My family and I attended our church’s Good Friday evening service. Though it is Easter, and Easter happens every year, the service is never the same. It’s one of the things I appreciate the most about our pastor. He strives diligently to make every year’s message powerful, to make it fresh and new. He didn’t disappoint this year, either.
Pastor Dave took us “From the Garden to the Tomb,” reading from the book of Luke. With passages on each page of the service booklet, we intentionally reflected on the last hours of Jesus’ life. Each scripture reading ended with the opportunity to reflect. These simple, but profound questions lent much to the service.
When have you fallen asleep on Jesus? (Luke 22:39-46
What fears cause you to distance yourself from Jesus? (Luke 22:47-54)
Under what circumstances are you tempted to deny Jesus? (Luke 22:54b-62)
Reflect upon Jesus’ courage and commitment. (Luke 22:63-23:25)
Reflect upon Jesus’ willingness to forgive. (Luke 23:26-38)
Reflect upon your response to Jesus. (Luke 23:39-45)
Luke 23:55 “The women…followed…and saw the tomb and how his body was laid in it.” (Luke 23:47-55)
As I read along with the passage from Luke 22, a passage I’ve read many times before, verse 43 struck me. “An angel from heaven appeared to him and strengthened him.” Here is Jesus, praying, asking God to remove the difficult circumstances He was in. Here is Jesus, struggling with what God had asked Him to do. Here is Jesus, needing strength to face what’s ahead. And God provides. An angel appears to him and strengthens him.
My word, if Jesus himself needed “outside” strength, then why on earth do we try so often to go about dealing with the tough stuff of our lives in our own strength? Jesus, who is God, needed help. He was without strength for what He faced. Friends, there is absolutely nothing wrong, nothing shameful, about asking for help.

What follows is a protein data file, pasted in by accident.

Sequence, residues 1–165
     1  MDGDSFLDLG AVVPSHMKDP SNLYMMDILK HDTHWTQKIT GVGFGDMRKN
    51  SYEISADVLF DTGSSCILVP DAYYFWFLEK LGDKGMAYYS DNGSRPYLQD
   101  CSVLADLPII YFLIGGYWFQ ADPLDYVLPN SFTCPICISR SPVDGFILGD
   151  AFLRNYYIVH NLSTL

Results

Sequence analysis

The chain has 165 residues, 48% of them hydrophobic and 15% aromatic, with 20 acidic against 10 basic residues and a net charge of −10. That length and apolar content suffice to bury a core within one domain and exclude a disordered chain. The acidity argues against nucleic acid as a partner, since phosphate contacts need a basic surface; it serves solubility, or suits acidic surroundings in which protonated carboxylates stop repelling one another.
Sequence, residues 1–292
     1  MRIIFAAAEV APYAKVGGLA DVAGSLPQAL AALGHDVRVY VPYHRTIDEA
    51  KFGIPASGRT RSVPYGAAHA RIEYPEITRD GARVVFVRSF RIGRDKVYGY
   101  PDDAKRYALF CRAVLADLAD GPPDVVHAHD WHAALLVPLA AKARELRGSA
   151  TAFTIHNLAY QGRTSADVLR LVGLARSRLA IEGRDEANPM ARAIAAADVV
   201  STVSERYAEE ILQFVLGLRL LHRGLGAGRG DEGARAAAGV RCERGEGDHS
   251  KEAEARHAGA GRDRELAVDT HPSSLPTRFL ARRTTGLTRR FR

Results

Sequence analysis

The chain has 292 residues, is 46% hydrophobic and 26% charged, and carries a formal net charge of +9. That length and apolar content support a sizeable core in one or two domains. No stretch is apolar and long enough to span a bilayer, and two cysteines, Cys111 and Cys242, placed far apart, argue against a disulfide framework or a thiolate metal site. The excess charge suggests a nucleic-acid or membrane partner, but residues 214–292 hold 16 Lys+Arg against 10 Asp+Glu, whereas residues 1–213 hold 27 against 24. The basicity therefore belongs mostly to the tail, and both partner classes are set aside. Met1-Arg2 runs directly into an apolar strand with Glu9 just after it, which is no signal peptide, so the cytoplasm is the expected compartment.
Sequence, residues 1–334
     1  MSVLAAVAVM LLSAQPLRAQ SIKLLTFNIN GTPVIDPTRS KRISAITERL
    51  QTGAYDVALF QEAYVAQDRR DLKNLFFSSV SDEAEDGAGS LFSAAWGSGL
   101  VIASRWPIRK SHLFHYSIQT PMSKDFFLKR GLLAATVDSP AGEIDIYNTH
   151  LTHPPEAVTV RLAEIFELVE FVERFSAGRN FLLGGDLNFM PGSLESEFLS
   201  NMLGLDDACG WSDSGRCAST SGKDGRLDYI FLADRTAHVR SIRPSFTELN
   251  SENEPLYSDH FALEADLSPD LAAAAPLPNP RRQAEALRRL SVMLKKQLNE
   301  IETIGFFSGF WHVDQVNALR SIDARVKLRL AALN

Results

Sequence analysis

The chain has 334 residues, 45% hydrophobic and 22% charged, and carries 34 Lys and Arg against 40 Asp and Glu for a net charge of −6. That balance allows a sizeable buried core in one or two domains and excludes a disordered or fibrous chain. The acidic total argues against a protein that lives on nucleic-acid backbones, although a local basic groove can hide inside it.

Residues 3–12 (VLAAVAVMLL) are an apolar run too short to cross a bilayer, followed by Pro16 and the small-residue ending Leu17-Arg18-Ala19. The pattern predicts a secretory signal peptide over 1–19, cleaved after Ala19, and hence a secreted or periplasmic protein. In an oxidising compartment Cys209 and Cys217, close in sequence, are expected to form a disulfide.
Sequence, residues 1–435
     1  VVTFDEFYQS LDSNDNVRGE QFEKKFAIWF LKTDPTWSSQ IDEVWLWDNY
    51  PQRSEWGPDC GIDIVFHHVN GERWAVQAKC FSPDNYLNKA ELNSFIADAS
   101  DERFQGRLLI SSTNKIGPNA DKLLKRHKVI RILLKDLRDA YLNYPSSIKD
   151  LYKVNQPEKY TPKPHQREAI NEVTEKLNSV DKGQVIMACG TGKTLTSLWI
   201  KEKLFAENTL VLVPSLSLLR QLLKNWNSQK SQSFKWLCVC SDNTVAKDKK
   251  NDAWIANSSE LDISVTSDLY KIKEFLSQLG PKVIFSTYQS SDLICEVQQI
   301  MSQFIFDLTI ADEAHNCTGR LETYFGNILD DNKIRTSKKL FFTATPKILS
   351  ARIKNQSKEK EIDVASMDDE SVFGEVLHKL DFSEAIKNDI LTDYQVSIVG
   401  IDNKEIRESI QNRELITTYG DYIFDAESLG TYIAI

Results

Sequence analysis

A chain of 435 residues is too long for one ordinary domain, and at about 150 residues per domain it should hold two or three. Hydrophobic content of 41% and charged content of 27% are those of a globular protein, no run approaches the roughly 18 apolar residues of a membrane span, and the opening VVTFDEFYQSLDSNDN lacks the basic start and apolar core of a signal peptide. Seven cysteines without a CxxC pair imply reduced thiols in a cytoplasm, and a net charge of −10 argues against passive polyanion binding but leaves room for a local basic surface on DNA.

A few verses further, in verse 45, again, another verse I’ve read many times before, it says, “…he [Jesus] found them asleep, exhausted from sorrow.” Exhausted from sorrow. Are you exhausted from sorrow, dear friend? I know I have been.
The disciples fell asleep because sorrow is exhausting.
Sorrow also opens the door to temptation, as seen at the end of verse 46. Sorrow can cause a person to fear, to become bitter, to be unforgiving. But it is also an opportunity to stay close to Jesus, to kneel beside Him in the garden of one’s own Gethsemane.
Gethsemane in Hebrew means an olive press or a “winepress of oils.” Jesus sweat drops of blood while at the Mount of Olives.
You and I, too, have had our share of pressing.
Sorrow can crush a person, but God doesn’t intend to crush us. He intends that in the pressing we would spill forth, not bitterness, but richness. A richness reflective of pure oil, of sweet wine.
A cross stood in the middle of our sanctuary as we read the verses from Luke, and I couldn’t help but stare at it. Death is horrific, and nothing speaks of hopelessness more than placing a body in a tomb. Or a casket.
“The women…followed…and saw the tomb and how his body was laid in it. Then they returned and prepared spices and perfumes. And on the Sabbath they rested according to the commandment.” (Luke 23:55-56)
And that’s how Luke chapter 23 ends. The women leave. The day of rest dawned, and they rested out of obedience. I keep re-reading these two chapters in Luke, just staying here because, sometimes, we need to just sit. Sit and reflect. Sit in the midst of our hopelessness and wait.
Wait for God to show up.
Wait because God isn’t done yet.
Tomorrow I will read Scripture again…with new wonder, deep gratitude, and overwhelming joy.
Easter Blessings, dear friends.